18. Loop CT (1987) Smooth subdivision surfaces based on triangles. Department of Mathematics, The University of Utah, Masters ThesisGoogle Scholar
  19. Madukauwa-David ID, Pierce EL, Sulejmani F et al (2018) Suture dehiscence and collagen content in the human mitral and tricuspid annuli. Biomech Model Mechanobiol. Google Scholar
  20. Malinowski M, Wilton P, Khaghani A et al (2016a) The effect of pulmonary hypertension on ovine tricuspid annular dynamics. Eur J Cardio-thoracic Surg 49:40–45. CrossRefGoogle Scholar
  21. Malinowski M, Wilton P, Khaghani A et al (2016b) The effect of acute mechanical left ventricular unloading on ovine tricuspid annular size and geometry. Interact CardioVasc Thorac Surg 23:391–396. CrossRefGoogle Scholar
  22. Malinowski M, Jazwiec T, Goehler M et al (2018) Sonomicrometry derived three-dimensional geometry of the human tricuspid annulus. J Thorac Cardiovasc Surg. Google Scholar
  23. Mascherbauer J, Maurer G (2010) The forgotten valve: lessons to be learned in tricuspid regurgitation. Eur Heart J 31:2841–2843. CrossRefGoogle Scholar
  24. Meador WD, Malinowski M, Jazwiec T et al (2018) A fiduciary marker-based framework to assess heterogeneity and anisotropy of right ventricular epicardial strains in the beating ovine heart. J Biomech 80:179–185. CrossRefGoogle Scholar
  25. Merryman WD, Youn I, Lukoff HD et al (2006) Correlation between heart valve interstitial cell stiffness and transvalvular pressure: implications for collagen biosynthesis. Am J Physiol Heart Circ Physiol 290:224–231. CrossRefGoogle Scholar
  26. Pierlot CM, Lee JM, Amini R, et al (2014) Pregnancy-induced remodeling of collagen architecture and content in the mitral valve. Ann Biomed Eng, vol 42.
  27. Rausch MK, Kuhl E (2013) On the effect of prestrain and residual stress in thin biological membranes. J Mech Phys Solids 61:1955–1969. MathSciNetCrossRefGoogle Scholar
  28. Rausch MK, Bothe W, Kvitting JPE et al (2011) In vivo dynamic strains of the ovine anterior mitral valve leaflet. J Biomech 44:1149–1157. CrossRefGoogle Scholar
  29. Rausch MK, Tibayan FA, Craig Miller D, Kuhl E (2012) Evidence of adaptive mitral leaflet growth. J Mech Behav Biomed Mater 15:208–217. CrossRefGoogle Scholar
  30. Rausch MK, Famaey N, Shultz TOB et al (2013) Mechanics of the mitral valve: a critical review, an in vivo parameter identification, and the effect of prestrain. Biomech Model Mechanobiol 12:1053–1071. CrossRefGoogle Scholar
  31. Rausch MK, Genet M, Humphrey JD (2017a) An augmented iterative method for identifying a stress-free reference configuration in image-based biomechanical modeling. J Biomech 58:227–231. CrossRefGoogle Scholar
  32. Rausch MK, Malinowski M, Wilton P et al (2017b) Engineering analysis of tricuspid annular dynamics in the beating ovine heart. Ann Biomed Eng 9:365–376. Google Scholar
  33. Rausch MK, Malinowski M, Meador WD et al (2018) The effect of acute pulmonary hypertension on tricuspid annular height, strain, and curvature in sheep. Cardiovasc Eng Technol 9:365–376. CrossRefGoogle Scholar
  34. Sacks MS, Yoganathan AP (2007) Heart valve function: a biomechanical perspective. Philos Trans R Soc B Biol Sci 362:1369–1391. CrossRefGoogle Scholar
  35. Sacks MS, He Z, Baijens L et al (2002) Surface strains in the anterior leaflet of the functioning mitral valve. Ann Biomed Eng 30:1281–1290. CrossRefGoogle Scholar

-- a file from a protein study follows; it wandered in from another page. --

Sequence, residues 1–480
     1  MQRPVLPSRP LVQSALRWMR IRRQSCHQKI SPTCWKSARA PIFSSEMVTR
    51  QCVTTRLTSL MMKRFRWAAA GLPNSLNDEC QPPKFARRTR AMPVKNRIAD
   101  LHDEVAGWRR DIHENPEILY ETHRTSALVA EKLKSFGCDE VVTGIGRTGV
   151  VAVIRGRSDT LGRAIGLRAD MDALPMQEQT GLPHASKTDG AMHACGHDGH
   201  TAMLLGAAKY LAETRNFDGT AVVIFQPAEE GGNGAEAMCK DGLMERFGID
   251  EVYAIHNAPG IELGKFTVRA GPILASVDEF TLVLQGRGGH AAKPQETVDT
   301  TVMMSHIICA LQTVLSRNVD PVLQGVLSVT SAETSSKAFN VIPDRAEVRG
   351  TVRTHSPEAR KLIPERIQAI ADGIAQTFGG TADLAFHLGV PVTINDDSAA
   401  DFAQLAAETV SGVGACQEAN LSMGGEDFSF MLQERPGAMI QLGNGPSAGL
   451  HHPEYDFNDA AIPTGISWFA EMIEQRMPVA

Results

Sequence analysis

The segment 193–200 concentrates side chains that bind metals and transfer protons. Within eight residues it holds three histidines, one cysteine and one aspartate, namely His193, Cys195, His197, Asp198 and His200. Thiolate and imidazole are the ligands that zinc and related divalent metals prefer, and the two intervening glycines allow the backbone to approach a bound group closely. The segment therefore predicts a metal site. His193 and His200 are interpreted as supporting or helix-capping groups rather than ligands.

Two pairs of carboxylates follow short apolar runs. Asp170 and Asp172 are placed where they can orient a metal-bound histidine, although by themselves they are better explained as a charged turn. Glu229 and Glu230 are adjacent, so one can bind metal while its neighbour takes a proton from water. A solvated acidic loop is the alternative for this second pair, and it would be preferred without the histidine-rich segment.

36. Sacks MS, Enomoto Y, Graybill JR et al (2006) In-vivo dynamic deformation of the mitral valve anterior leaflet. Ann Thorac Surg 82:1369–1377. CrossRefGoogle Scholar
  37. Silver MD, Lam JHC, Ranganathan N, Wigle ED (1971) Morphology of the human tricuspid valve. Circulation 43:333–348. CrossRefGoogle Scholar
  38. Singh-Gryzbon S, Siefert AW, Pierce EL, Yoganathan AP (2019) Tricuspid valve annular mechanics: interactions with and implications for transcatheter devices. Cardiovasc Eng Technol. pp 1–12.
  39. Spinner EM, Buice D, Yap CH, Yoganathan AP (2012) The effects of a three-dimensional, saddle-shaped annulus on anterior and posterior leaflet stretch and regurgitation of the tricuspid valve. Ann Biomed Eng 40:996–1005. CrossRefGoogle Scholar
  40. Stevanella M, Votta E, Lemma M et al (2010) Finite element modelling of the tricuspid valve: a preliminary study. Med Eng Phys 32:1213–1223. CrossRefGoogle Scholar
  41. Taramasso M, Pozzoli A, Guidotti A et al (2017) Percutaneous tricuspid valve therapies: the new frontier. Eur Heart J 38:639–647. CrossRefGoogle Scholar
  42. Taylor PM, Batten P, Brand NJ et al (2003) The cardiac valve interstitial cell. Int J Biochem Cell Biol 35:113–118. CrossRefGoogle Scholar
  43. Ton-Nu TT, Levine RA, Handschumacher MD et al (2006) Geometric determinants of functional tricuspid regurgitation: insights from 3-dimensional echocardiography. Circulation 114:143–149. CrossRefGoogle Scholar
  44. Weinberg EJ, Shahmirzadi D, Mofrad MRK (2010) On the multiscale modeling of heart valve biomechanics in health and disease. Biomech Model Mechanobiol 9:373–387. CrossRefGoogle Scholar

Copyright information

© Springer-Verlag GmbH Germany, part of Springer Nature 2019

Authors and Affiliations

  • M. Mathur
    • 1
  • T. Jazwiec
    • 2
    • 3
  • W. D. Meador
    • 4
  • M. Malinowski
    • 2
    • 5
  • M. Goehler
    • 2
  • H. Ferguson
    • 2
  • T. A. Timek
    • 2
  • M. K. Rausch
    • 4
    • 6
    • 7
    Email author
  1. 1.Department of Mechanical EngineeringUniversity of Texas at AustinAustinUSA
  2. 2.Division of Cardiothoracic SurgerySpectrum HealthGrand RapidsUSA
  3. 3.Department of Cardiac, Vascular and Endovascular Surgery and TransplantologyMedical University of Silesia in Katowice, Silesian Centre for Heart DiseasesZabrzePoland
  4. 4.Department of Biomedical EngineeringUniversity of Texas at AustinAustinUSA
  5. 5.Department of Cardiac Surgery, School of Medicine in KatowiceMedical University of SilesiaKatowicePoland
  6. 6.Department of Aerospace Engineering and Engineering MechanicsUniversity of Texas at AustinAustinUSA
  7. 7.The Institute for Computational Engineering and SciencesUniversity of Texas at AustinAustinUSA

Personalised recommendations